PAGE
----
EP Primary Sokode


We had our first visit to EP Primary Sokode-Bagble today. When we arrived, the children and teachers were gathered in assembly outside under the trees.  Sokode does not have a church on the school premises—and they don’t have gymnasiums like we do in the U.S.—so all of their gatherings are outside in the dirt courtyard. After the children finished receiving their morning instructions, a highlight of the day for us started. The children lined up in rows class by class, the drums started beating, and all the children of the school began singing the same song. Then one by one, starting with the youngest kids, they started vigorously swinging their arms and marching in unison into their classrooms. Their singing is so beautiful, especially accompanied by the drumming. Our appreciation and their welcoming had everyone smiling ear to ear.

Our first classroom was Class 5. It was a combination of A and B, 39 students total. They crammed into the desks with 2-3 children sitting at each desk and one long table in the back. They were very cozy. Their friends in the U.S. sent them pictures and descriptions of their favorite holidays. Some were on large sheets of paper but most were on scratch paper, a black paper that when you scratch the surface reveals gold or silver underneath. We had some challenges getting started with the scratch paper. The wooden sticks accompanying the scratch paper could not make a dent in the black surface—maybe because of the high humidity here. Thankfully, the children had a great idea. Someone had donated really nice compasses to the school. And as you likely remember, a compass has a sharp metal tip on one end. Woohoo! We were back in business. The kids easily got the hang of how to create a cool drawing on the scratch paper. In fact, they had so much fun that our project was running into recess time. We had to encourage them to stop drawing and focus on writing description on the back. When they were finished, they were very excited that we gave them all an additional piece of the scratch art paper to take home and create another drawing.

Our next classroom was Class 6, again A and B classes came together so we had over thirty kids cozy in their shared desks. Their friends in the U.S. sent them a beautiful mural depicting images and symbols from many U.S. holidays. They decided to create a similar one. We gave them a piece of paper to draft their images and most of them were quickly clamoring for a space around the mural to bring their image to life with colorful markers, pastels and pencils. There was not enough room for everyone to draw at the same time so they had to take turns at the mural paper. It was like a dance of kids working together around the mural, then moving slightly away to make room for others but always staying close to the energy of the mural creation. The mural paper was the place to be for this project. It was great fun and slightly chaotic at the same time. The end result was a proud group of children holding a colorful mural covered with images of Ghanaian holidays and celebrations for their class photo.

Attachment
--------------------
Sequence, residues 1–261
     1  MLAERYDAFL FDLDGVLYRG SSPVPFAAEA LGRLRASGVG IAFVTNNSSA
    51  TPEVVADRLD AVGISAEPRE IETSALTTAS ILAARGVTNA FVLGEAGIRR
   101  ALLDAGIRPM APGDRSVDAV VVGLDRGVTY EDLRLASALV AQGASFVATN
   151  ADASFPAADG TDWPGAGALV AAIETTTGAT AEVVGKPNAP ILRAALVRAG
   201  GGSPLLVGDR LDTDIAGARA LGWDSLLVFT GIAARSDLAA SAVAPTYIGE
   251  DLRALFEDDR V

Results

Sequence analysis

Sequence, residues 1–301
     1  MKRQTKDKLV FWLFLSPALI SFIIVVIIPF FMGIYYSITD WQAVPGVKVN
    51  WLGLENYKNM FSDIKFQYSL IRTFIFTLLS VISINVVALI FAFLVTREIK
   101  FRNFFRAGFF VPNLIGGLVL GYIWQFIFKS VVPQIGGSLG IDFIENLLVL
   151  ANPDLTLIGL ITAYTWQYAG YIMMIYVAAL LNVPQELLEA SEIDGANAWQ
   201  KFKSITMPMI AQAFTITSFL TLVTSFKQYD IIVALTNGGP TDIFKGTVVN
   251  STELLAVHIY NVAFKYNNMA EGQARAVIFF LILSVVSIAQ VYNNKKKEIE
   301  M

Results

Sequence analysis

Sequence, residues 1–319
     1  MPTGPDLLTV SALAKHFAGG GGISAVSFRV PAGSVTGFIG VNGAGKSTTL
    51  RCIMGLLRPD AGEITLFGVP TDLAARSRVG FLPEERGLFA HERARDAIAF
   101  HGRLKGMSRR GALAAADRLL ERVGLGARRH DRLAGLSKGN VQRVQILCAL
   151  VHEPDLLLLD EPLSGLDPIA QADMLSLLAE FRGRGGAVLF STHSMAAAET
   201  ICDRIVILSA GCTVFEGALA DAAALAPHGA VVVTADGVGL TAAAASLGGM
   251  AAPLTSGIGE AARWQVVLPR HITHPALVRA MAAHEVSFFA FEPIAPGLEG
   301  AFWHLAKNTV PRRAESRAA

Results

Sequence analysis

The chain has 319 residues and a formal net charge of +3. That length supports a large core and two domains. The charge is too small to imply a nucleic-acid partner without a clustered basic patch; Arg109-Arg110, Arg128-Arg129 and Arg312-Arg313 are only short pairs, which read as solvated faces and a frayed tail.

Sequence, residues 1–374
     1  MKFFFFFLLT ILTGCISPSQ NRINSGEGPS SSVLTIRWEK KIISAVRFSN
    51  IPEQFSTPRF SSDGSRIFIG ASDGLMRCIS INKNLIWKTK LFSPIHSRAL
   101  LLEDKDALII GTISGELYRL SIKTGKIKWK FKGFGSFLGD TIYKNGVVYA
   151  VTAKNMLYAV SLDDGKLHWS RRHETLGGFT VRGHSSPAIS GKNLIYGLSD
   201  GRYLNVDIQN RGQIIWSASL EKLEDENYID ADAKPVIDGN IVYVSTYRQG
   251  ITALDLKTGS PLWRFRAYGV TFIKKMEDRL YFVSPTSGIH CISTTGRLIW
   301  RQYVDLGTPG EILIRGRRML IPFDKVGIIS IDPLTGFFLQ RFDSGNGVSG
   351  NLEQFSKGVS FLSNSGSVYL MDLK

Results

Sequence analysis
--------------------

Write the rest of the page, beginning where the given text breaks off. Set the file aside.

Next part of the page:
These two classrooms really emphasized for us the limited school supplies available at most of the schools we work with in Ghana. We thought of paper clips as an option when the wooden sticks would not work on the scratch paper. But there was not a paperclip to be found. And there were not many other alternatives either. Until the kids thought of the compasses that were in their individual pencil boxes, we thought we might have to resort to using rocks! In the second classroom, when we went to hang the mural, there were no tacks and finding a few bits of masking tape was a challenge. Luckily, in both classrooms, the teachers were especially present and helpful with our mini challenges and with helping the children started with their images and in translating their descriptions into English. We look forward to another adventure at Sokode next week.